I'm guessing that anyone reading about this 1994 collaboration between Brit singer Felicity Lott and French conductor Armin Jordan will first want to know: how good is this music anyway? I've been listening to this disc for the last month and I'm afraid I'm still not clear in my opinion, for what it's worth. I believe there are two very fine mini-song cycles recorded here, Maurice Delage's 1913 Four Hindu Poems, which has been recorded several times elsewhere, and an obscure but absolutely striking cycle by another Maurice, Maurice Jaubert, named "Saisir".
I can't be more definitive because Lott's musicianship is wayward and at times confused. While I have admired her work in both concert and in the studio at other times, Lott's phrasing and interpretation of melodic material seems underdeveloped in this disc, with little difference in inflection or dynamic. "Saisir" ends with a slow five-minute song which reprises material from the other, earlier songs, including a memorable low solo piano accompaniment phrase, but Lott drifts along, without adding direction or understanding to the music. I was able to directly compare Lott's rendition of Delage's Four Hindu Poems to the very fine rendition by Dawn Upshaw (on "The Girl with the Orange Lips") and think Upshaw's version is comprehensively better shaped and conceived. Ernest Chausson's earlier "Chanson Perpetuelle" is added on at the end and suffers from many of the same flaws.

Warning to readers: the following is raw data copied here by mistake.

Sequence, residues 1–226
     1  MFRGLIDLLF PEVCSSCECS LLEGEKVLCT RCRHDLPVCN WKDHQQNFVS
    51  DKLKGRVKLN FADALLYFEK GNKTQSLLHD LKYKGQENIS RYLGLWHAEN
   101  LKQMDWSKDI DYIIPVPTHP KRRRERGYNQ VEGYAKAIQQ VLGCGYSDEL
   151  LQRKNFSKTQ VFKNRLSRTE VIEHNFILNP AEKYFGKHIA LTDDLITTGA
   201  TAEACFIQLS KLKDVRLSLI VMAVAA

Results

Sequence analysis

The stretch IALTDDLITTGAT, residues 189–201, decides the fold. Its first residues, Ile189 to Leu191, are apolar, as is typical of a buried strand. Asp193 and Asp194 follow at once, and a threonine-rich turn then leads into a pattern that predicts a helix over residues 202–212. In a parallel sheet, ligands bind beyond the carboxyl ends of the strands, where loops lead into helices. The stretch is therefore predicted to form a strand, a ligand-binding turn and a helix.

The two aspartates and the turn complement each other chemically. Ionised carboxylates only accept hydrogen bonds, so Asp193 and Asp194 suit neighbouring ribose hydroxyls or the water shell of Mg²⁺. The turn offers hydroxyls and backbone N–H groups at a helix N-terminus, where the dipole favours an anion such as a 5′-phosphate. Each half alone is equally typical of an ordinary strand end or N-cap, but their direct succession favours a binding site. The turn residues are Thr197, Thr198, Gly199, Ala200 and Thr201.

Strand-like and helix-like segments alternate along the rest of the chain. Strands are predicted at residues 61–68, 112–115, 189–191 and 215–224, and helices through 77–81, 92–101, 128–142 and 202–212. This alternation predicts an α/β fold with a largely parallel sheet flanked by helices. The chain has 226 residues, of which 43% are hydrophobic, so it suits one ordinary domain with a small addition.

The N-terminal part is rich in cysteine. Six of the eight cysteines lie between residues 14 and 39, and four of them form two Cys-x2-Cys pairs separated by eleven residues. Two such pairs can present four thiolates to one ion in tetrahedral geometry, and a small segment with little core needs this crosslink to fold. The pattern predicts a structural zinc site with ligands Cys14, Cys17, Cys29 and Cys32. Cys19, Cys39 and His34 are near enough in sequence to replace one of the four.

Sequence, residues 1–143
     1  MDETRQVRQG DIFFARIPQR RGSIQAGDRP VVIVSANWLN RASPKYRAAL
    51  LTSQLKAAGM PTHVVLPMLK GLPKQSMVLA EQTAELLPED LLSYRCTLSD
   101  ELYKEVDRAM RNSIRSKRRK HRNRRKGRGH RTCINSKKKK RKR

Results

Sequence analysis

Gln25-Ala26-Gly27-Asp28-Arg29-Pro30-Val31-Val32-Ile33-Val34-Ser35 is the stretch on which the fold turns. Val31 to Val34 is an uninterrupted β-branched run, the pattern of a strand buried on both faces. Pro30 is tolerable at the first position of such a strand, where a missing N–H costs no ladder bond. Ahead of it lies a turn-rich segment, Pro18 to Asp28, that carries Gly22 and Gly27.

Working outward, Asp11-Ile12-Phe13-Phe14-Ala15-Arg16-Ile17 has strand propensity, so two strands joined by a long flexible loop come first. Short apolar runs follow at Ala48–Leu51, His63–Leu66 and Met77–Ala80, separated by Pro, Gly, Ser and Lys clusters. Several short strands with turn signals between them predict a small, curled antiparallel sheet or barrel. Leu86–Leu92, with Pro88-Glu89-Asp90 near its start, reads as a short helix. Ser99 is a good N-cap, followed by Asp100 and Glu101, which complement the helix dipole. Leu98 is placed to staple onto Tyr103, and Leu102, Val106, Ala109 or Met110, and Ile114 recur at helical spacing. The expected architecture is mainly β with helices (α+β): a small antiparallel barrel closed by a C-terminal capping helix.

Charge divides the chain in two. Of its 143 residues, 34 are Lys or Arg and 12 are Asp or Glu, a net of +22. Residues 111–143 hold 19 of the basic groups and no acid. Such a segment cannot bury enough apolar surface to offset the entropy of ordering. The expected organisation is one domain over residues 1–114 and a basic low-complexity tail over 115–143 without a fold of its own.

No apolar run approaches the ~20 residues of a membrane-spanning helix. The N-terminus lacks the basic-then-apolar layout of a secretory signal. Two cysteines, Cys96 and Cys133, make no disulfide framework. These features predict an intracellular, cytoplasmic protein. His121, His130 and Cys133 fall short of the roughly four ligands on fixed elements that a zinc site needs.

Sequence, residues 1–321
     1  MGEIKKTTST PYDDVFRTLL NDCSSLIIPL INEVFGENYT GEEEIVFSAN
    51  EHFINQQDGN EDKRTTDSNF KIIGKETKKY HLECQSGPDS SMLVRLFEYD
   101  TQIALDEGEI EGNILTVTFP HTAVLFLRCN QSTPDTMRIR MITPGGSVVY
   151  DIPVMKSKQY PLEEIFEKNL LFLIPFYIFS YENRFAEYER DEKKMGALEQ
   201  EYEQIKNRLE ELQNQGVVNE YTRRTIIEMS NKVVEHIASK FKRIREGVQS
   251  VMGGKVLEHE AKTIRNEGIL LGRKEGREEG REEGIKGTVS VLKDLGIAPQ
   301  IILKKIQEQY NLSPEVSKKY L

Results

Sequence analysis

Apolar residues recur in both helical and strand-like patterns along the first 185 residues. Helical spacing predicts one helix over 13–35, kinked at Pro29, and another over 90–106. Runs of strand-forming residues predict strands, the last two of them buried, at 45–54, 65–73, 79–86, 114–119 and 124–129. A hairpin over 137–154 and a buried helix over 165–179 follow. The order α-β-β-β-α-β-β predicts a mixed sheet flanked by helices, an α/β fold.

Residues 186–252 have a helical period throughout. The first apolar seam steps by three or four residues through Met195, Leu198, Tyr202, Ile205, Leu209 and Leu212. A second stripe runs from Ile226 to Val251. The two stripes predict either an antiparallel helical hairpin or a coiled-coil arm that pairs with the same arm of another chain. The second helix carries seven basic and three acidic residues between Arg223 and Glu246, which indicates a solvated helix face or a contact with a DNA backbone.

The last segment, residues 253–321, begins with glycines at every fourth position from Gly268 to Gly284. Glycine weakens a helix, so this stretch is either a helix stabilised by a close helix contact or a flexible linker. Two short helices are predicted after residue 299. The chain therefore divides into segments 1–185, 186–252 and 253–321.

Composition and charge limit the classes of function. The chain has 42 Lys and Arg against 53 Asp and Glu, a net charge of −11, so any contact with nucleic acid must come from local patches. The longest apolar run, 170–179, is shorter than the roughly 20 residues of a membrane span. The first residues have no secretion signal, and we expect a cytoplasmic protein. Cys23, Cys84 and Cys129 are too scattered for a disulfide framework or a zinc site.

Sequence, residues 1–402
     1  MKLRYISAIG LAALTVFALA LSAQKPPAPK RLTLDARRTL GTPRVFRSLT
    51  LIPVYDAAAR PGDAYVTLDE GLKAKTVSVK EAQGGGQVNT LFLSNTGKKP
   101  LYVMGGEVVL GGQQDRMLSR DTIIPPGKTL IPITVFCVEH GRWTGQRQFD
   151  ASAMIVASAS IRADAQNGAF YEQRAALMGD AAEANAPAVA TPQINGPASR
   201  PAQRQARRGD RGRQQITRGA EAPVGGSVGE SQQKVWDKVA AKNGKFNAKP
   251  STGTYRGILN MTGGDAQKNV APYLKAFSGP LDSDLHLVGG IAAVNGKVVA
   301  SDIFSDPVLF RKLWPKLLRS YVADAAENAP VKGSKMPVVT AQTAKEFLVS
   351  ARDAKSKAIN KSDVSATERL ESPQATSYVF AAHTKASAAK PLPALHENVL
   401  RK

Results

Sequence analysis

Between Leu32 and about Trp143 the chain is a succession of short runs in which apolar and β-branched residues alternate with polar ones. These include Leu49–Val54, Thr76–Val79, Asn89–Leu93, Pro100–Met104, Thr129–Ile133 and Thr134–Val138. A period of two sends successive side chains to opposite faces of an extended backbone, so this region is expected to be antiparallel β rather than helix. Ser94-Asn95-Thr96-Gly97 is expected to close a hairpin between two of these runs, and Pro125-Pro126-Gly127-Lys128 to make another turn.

Armin Jordan is a consistently good conductor of French music, with very few misses and he leads the Paris Chamber Orchestra here, again, very credibly. The engineered sound is actually downright excellent. So this disc suffers from a deficient and substandard interpretation by a normally-excellent Felicity Lott. It has the virtue of allowing me to discover a truly rare gem, "Saisir," and appears to be the only recording of that work out now, so if you are an aficionado of French song, you might want to get the disc for that alone.